The combination of cell and gene therapy is rapidly raising clinical interest, although their combination has been under investigation for several decades. This is mainly due to the availability and feasibility of clinically relevant gene delivery options. This review focuses on cell therapies for heart failure and their use combined with cardiac surgery as well as with gene therapy. [More]
Losmapimod drug fails to meet primary endpoint in clinical trial

Losmapimod drug fails to meet primary endpoint in clinical trial

Patients taking losmapimod, an anti-inflammatory drug currently being developed, for 12 weeks following a heart attack did not show improvements in the trial's primary endpoint, the rate of cardiovascular death, subsequent heart attack or urgent coronary revascularization, which includes placement of a stent or coronary artery bypass surgery, according to research presented at the American College of Cardiology's 65th Annual Scientific Session. [More]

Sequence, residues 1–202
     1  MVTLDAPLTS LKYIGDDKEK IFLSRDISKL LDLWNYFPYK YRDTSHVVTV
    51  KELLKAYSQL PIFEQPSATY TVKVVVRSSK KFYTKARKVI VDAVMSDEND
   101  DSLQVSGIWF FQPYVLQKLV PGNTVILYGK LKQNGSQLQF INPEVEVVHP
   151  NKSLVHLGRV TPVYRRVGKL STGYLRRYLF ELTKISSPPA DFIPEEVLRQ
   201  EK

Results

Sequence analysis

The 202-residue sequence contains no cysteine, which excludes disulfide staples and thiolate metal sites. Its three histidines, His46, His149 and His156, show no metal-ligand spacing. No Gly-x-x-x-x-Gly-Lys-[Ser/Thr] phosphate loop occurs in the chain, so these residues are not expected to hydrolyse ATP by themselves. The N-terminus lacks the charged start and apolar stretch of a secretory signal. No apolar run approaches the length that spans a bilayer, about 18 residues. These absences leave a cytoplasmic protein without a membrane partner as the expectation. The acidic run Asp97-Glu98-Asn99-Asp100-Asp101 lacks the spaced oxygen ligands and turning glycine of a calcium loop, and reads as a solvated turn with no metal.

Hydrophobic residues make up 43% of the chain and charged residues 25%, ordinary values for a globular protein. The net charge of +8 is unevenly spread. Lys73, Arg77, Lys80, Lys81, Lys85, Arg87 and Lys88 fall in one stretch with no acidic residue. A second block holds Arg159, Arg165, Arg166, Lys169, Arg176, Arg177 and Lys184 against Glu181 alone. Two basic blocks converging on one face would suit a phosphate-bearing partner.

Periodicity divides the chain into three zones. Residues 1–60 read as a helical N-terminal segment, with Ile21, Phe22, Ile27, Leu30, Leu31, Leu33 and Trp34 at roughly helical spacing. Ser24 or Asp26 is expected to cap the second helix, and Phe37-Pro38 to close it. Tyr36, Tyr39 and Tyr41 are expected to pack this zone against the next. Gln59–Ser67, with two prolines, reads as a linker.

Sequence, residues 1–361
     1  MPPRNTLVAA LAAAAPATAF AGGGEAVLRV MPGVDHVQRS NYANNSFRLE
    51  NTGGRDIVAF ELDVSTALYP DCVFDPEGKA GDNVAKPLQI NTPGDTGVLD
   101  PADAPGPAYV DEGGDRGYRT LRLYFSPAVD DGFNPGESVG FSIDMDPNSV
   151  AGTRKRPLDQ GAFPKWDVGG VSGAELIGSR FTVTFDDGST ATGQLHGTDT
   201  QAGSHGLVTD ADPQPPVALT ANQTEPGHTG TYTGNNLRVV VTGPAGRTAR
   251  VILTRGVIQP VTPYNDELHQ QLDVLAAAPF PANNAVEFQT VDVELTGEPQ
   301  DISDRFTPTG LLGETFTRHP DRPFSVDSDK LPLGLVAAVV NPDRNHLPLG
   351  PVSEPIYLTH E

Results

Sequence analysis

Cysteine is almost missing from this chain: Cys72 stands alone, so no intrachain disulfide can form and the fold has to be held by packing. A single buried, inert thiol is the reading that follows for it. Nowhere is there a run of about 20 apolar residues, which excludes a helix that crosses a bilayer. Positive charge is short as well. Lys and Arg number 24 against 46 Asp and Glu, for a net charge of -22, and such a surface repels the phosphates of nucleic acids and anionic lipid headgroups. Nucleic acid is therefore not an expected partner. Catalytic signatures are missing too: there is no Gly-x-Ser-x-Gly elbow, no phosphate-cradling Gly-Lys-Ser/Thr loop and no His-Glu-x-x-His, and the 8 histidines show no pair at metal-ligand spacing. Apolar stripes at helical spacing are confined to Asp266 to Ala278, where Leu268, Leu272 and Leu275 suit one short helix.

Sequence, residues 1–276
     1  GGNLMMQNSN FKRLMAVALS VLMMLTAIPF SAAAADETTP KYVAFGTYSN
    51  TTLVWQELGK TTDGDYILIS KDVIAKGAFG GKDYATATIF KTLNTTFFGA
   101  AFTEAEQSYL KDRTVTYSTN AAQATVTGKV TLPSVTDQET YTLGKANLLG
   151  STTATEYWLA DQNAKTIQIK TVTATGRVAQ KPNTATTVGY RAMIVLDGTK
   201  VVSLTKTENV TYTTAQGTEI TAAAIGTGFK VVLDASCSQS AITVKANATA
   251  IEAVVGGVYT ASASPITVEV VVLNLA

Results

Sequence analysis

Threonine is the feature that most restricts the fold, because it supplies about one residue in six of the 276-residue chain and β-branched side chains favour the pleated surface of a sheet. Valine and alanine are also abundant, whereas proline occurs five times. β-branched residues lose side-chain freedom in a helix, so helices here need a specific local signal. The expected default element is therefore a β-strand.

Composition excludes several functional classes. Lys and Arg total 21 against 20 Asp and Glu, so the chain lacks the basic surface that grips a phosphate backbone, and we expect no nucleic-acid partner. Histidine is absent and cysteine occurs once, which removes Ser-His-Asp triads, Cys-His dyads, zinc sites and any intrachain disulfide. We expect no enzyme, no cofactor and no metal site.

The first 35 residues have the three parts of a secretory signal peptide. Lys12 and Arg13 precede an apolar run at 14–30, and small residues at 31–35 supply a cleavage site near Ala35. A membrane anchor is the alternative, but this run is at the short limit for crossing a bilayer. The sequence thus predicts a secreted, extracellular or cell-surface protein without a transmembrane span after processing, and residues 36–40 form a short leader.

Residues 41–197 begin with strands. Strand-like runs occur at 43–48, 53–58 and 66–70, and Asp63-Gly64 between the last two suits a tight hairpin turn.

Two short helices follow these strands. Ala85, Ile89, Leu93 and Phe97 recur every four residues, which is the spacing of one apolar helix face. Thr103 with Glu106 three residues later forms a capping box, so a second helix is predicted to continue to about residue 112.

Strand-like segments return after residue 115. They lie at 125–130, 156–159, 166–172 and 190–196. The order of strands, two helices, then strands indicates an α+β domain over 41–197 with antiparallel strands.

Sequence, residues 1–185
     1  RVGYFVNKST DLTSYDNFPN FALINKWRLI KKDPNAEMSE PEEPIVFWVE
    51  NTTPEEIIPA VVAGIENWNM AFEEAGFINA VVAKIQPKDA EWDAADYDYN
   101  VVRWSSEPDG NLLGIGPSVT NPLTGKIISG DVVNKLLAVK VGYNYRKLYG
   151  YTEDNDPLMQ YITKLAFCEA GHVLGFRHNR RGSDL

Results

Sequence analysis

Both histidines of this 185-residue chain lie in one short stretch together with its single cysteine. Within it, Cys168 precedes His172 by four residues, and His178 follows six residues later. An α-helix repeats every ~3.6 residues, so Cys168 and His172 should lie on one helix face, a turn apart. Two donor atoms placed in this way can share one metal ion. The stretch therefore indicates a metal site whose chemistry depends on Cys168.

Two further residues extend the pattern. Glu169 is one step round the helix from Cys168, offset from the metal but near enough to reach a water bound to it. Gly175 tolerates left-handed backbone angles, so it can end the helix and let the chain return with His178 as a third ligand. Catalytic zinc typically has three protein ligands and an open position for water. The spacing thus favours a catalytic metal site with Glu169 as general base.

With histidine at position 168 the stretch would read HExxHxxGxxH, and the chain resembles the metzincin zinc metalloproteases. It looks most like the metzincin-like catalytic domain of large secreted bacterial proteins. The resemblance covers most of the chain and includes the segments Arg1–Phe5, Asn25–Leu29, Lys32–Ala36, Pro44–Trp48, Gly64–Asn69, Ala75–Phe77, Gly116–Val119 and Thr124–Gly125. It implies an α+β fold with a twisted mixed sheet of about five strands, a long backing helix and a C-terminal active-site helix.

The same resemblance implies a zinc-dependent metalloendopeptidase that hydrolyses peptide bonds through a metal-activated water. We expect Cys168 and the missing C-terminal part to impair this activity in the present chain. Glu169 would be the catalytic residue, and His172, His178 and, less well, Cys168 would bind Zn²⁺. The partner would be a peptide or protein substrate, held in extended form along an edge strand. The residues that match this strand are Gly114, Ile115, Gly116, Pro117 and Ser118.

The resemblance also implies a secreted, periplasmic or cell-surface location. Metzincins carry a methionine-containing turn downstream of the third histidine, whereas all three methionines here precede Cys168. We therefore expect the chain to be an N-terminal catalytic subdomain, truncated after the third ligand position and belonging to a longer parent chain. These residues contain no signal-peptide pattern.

Two common approaches to post-operative AF equally safe, effective

Two common approaches to post-operative AF equally safe, effective

Cleveland Clinic researchers, as part of the Cardiothoracic Surgical Trials Network, have found that two common approaches to post-operative atrial fibrillation - rhythm control and rate control - are equally safe and effective. [More]
Evolocumab could be more effective than ezetimibe in lowering cholesterol in statin-intolerant patients